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Light is not evenly distributed in Dutch glass greenhouses, but this can be improved with diffuse light. Modern greenhouse coverings are able to transform most of the light entering the greenhouse into diffuse light. Wageningen UR Greenhouse Horticulture has studied the effect of diffuse light on crops for several years. Modelling and experimental studies showed that crops such as fruit vegetables with a high plant canopy as well as ornamentals with a small plant canopy can utilize diffuse light better than direct light. Diffuse light penetrates the middle layers of a high-grown crop and results in a better horizontal light distribution in the greenhouse. Diffuse light is absorbed to a better degree by the middle leaf layers of cucumber, resulting in a higher photosynthesis. The actual photosynthesis of four pot plant species was found to be increased and crop temperatures were lower during high irradiation. The yield of cucumbers was increased, and the growth rate of several potted plants was increased. These investigations have resulted in a quantitative foundation for the potentials of diffuse light in Dutch horticultural greenhouses and the selection and verification of technological methods to convert direct sunlight into diffuse light.
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The Effect of Diffuse Light on Crops
S. Hemming, T. Dueck, J. Janse and F. van Noort
Wageningen University and Research Centre (Wageningen UR), P.O. Box 16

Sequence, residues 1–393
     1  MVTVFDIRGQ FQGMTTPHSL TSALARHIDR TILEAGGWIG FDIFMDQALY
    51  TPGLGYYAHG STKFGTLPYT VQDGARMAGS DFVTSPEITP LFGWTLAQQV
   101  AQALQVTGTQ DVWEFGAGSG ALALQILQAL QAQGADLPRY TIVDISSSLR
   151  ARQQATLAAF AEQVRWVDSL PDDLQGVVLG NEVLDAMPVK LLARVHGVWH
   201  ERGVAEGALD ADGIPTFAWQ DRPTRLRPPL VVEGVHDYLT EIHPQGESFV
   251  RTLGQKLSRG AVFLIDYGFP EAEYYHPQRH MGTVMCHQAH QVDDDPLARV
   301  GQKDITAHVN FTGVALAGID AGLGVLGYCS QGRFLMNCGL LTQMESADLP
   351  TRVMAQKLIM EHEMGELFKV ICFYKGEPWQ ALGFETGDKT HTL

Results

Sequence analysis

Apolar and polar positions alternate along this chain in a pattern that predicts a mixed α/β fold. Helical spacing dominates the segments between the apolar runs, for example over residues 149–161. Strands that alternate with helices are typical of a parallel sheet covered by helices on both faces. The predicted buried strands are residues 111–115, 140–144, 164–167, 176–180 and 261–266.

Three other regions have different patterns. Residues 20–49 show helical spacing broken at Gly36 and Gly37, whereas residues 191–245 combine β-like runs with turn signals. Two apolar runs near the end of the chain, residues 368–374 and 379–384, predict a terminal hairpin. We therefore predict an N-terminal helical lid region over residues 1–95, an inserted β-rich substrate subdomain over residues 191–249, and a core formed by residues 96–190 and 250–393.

Bornsesteeg 65, 6700 AA Wageningen
The Netherlands
Keywords: covering material, photosynthesis, light distribution, cucumber, Ficus,
Schefflera, chrysanthemum, kalanchoe
Abstract
Light is not evenly distributed in Dutch glass greenhouses, but this can be
improved with diffuse light. Modern greenhouse coverings are able to transform
most of the light entering the greenhouse into diffuse light. Wageningen UR
Greenhouse Horticulture has studied the effect of diffuse light on crops for several
years. Modelling and experimental studies showed that crops such as fruit
vegetables with a high plant canopy as well as ornamentals with a small plant
canopy can utilize diffuse light better than direct light. Diffuse light penetrates the
middle layers of a high-grown crop and results in a better horizontal light
distribution in the greenhouse. Diffuse light is absorbed to a better degree by the
middle leaf layers of cucumber, resulting in a higher photosynthesis. The actual
photosynthesis of four pot plant species was found to be increased and crop
temperatures were lower during high irradiation. The yield of cucumbers was
increased, and the growth rate of several potted plants was increased. These
investigations have resulted in a quantitative foundation for the potentials of diffuse
light in Dutch horticultural greenhouses and the selection and verification of
technological methods to convert direct sunlight into diffuse light.
INTRODUCTION
Light is not evenly distributed in Dutch glass greenhouses. Fruit vegetables like
cucumber have a high leaf area index and intercept a large quantity of light with the upper
leaves, while the middle and lower leaves receive much less light and contribute very
little to photosynthesis, growth and in the end, production. The crop would benefit if
upper leaves would intercept less incident light and the middle and lower leaves a greater
proportion, in order to realize a more uniform light interception over the foliage. Hovi et
al. (2004) showed that a higher amount of artificial light within a crop achieved by inter-